Monday, September 3, 2007

Gator Girl and the Prehistorics

"Don't be scared," said the guide as the alligator lunged towards my kayak, the huge prehistoric head right next to my hip. "I'm not scared," I said quietly, "I'm petrified," I whispered as the gator swam past us, gliding parallel to my little tub toy of a boat. The waters of the Myakka river, rightly designated wild and scenic, are a feast for gators and birds--I just didn't want to be the main course.
"Whew," said the guide, "I'm sure glad he didn't get scared and try to climb over our boats."
The next day at an orchid sale, I heard someone loudly calling, "Hey Gator Girl!" It was one of my newly met paddling buddies. My behavior on the river--shock masquerading as aplomb--earned me a new moniker.
That was my first time on the river. I came back to the studio to paint this piece Myakka: the subtlety of Gators. Most of the time, in the dark reflective waters, you can't see who's swimming under or beside you. Eyes head and nose dot the surface and often sink like submarines as we approach.
Myakka, unlike other aspects of Florida, never disappoints, always enchants. Herons abound--Great Blues, Whites, Tri-colored (my favorite), Green and more; heavy bodied woodstorks whose wings whoosh loudly as they loft, goofy and gorgeous roseate spoonbills, bold ospreys, and so many more birds.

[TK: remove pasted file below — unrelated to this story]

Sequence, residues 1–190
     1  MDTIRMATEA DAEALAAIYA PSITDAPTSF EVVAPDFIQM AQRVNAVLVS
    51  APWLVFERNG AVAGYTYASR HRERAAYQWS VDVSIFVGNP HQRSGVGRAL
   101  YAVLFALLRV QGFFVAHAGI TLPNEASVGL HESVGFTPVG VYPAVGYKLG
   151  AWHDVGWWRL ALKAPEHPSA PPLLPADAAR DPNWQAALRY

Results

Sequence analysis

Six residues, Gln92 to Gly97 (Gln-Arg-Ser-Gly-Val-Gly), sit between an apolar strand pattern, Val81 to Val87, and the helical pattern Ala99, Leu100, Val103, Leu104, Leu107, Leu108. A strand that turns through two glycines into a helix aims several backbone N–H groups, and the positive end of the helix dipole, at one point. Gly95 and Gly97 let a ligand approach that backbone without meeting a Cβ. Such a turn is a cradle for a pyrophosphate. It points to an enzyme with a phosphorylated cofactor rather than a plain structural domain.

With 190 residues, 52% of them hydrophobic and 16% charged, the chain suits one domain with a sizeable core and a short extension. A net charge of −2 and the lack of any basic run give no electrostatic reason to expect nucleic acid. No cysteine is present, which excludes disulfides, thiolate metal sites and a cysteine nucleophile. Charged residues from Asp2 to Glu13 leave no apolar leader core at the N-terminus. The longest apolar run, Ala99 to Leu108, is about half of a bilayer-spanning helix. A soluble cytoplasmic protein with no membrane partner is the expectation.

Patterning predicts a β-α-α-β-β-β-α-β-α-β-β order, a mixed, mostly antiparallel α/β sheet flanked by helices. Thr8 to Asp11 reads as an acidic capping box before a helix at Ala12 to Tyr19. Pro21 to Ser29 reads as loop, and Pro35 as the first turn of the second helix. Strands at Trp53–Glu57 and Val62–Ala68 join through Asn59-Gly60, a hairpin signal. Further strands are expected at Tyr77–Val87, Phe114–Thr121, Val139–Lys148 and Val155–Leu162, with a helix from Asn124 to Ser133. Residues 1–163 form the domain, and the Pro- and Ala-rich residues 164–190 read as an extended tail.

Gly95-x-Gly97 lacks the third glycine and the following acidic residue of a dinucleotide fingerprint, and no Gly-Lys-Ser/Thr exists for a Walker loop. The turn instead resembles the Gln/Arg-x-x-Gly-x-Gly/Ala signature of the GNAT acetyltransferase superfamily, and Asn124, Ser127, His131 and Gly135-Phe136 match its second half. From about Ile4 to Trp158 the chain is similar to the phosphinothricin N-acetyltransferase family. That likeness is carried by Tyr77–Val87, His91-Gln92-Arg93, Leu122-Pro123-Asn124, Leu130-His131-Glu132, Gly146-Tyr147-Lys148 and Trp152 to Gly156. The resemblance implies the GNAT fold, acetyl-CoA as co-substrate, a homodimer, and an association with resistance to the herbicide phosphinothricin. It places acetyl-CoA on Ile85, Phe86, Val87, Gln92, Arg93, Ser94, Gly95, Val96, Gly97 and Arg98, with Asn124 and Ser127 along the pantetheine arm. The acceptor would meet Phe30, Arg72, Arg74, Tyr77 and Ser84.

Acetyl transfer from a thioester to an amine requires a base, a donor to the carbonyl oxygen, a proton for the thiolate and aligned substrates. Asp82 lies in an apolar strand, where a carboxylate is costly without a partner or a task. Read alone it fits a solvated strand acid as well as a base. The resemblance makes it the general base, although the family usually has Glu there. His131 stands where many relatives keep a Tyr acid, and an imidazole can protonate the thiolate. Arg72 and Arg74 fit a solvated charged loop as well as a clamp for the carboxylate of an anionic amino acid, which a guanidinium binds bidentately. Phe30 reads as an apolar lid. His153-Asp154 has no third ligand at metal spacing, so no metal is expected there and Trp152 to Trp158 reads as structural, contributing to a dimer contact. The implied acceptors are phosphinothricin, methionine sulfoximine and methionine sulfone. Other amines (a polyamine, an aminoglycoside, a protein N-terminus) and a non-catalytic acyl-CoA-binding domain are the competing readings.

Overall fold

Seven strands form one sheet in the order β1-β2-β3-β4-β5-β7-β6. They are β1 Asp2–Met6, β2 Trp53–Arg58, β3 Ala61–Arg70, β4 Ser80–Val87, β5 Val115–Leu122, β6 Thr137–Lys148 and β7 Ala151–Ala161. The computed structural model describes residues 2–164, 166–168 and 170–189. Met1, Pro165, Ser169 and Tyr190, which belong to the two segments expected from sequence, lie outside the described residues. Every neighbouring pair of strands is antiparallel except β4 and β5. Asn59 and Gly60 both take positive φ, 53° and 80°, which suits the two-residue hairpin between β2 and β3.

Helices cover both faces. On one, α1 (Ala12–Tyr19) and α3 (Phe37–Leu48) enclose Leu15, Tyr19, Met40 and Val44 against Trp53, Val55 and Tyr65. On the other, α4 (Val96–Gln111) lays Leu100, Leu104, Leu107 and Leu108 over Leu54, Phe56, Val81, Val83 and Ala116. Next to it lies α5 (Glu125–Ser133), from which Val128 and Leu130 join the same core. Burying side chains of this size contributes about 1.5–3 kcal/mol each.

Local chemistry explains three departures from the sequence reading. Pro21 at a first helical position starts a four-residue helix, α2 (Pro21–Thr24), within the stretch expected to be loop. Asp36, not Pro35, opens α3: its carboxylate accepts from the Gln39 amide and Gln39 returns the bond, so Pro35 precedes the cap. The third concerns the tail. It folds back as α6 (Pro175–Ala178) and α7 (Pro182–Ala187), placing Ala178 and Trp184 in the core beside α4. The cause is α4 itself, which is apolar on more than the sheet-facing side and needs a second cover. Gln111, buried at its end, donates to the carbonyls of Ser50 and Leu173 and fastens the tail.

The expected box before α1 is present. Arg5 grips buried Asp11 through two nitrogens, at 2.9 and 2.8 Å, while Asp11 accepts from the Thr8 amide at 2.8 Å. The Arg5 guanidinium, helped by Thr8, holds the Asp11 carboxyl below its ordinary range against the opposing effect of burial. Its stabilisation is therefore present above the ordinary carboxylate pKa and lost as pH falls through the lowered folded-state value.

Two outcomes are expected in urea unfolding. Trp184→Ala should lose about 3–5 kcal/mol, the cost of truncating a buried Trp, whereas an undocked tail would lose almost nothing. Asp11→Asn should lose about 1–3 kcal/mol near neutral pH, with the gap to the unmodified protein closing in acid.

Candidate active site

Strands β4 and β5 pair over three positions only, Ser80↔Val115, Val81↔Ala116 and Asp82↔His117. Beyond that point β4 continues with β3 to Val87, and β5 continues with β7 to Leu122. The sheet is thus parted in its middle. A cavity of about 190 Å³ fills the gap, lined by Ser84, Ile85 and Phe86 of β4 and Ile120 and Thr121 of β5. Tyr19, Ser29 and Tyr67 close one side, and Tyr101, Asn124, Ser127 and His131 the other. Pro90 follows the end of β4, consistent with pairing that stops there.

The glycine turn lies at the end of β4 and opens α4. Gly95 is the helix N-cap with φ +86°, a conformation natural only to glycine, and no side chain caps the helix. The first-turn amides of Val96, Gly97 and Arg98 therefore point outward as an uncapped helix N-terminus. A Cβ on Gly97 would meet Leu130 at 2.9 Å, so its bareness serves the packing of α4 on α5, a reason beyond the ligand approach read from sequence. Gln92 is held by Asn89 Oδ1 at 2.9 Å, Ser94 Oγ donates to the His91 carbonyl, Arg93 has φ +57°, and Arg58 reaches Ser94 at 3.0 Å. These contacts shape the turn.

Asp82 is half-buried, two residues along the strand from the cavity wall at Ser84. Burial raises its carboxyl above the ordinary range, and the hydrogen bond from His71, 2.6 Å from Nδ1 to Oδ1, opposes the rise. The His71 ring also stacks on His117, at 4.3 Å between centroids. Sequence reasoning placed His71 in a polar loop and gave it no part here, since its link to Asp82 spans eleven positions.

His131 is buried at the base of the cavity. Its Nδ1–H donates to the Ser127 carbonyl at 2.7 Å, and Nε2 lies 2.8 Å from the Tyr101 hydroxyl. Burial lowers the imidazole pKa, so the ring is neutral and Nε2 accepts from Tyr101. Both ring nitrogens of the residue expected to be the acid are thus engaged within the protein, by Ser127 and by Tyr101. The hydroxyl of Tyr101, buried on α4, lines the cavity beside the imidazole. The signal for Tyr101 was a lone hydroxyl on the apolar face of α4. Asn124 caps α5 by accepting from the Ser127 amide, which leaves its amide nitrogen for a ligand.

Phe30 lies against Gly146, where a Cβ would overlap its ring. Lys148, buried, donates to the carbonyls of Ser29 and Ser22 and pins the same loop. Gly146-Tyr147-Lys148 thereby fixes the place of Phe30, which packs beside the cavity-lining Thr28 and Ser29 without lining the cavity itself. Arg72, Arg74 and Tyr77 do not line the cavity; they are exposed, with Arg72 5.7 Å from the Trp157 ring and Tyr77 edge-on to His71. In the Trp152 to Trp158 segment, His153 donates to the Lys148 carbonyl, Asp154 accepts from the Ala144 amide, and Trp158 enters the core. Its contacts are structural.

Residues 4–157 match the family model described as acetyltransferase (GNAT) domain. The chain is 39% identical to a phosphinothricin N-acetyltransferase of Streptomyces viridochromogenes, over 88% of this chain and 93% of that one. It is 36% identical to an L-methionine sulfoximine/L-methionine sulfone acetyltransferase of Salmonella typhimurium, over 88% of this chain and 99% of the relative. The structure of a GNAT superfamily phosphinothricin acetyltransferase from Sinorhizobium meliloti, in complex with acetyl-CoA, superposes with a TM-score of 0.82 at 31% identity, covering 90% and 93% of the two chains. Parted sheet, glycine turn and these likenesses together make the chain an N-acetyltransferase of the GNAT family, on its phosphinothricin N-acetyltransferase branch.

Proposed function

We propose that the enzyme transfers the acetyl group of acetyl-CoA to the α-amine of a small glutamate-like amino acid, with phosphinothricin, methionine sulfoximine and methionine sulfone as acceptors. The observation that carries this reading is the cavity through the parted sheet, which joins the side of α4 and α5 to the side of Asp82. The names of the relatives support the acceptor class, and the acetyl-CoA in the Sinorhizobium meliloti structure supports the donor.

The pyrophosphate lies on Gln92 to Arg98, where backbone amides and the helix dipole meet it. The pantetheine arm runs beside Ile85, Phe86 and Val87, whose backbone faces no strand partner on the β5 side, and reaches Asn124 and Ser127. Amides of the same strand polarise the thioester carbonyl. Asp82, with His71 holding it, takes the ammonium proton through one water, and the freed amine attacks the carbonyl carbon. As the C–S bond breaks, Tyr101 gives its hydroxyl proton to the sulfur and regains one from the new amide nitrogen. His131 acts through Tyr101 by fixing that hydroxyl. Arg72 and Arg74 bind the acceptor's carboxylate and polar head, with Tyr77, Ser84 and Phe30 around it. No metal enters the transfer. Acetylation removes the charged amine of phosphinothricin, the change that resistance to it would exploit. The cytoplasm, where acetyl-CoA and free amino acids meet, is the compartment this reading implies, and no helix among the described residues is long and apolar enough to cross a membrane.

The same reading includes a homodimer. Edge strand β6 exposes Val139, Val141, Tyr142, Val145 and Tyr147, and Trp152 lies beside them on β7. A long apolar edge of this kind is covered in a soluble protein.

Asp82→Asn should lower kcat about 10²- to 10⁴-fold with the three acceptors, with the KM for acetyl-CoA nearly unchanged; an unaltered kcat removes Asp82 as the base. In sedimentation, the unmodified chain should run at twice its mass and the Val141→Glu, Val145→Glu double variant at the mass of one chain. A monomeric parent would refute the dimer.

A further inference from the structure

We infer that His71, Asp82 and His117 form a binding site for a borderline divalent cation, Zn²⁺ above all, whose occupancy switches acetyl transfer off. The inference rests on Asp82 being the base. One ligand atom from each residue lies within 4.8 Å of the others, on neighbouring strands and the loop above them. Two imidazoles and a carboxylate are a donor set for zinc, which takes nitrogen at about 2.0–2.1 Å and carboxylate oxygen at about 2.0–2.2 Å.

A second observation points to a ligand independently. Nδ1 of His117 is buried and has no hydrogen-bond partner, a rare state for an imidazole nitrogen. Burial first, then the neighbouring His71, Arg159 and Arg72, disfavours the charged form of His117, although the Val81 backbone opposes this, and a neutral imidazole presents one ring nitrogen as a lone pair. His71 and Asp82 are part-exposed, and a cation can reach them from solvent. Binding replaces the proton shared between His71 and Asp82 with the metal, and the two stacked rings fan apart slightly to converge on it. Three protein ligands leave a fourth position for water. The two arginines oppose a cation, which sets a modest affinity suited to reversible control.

I no longer go with a guide, most often with one boon paddling companion in a canoe--I admit that I like the higher sides, especially when a gator decides we're too close and lunges up out of the water, mouth agape. A rare occurrence, especially if its not mating season when the big boys bellow "Stella" in their own version of Streetcar Named Desire.
There have been days where I've seen the spectrum of life-- big eyed baby gators with striped tails and once, a 12 foot gator corpse being feasted upon by vultures who usually amuse with their hopping, dum-de-dump, de-dum-de dum gait.
Recently I counted 14 gator heads in the water around me, and stopped counting when I got to 48 vultures in the trees and on shore with no carrion in sight or scent. I just kept moving, in case they mistook me for dessert.
This piece is sold, and in a private collection of someone who lives in the northeast and has never been on the river.
See more from this Enigmatic Paradise series at

1 comment:

snarlah said...

Sounds like a great project by a talented and excellent writer. We belong to a mutual admiration society.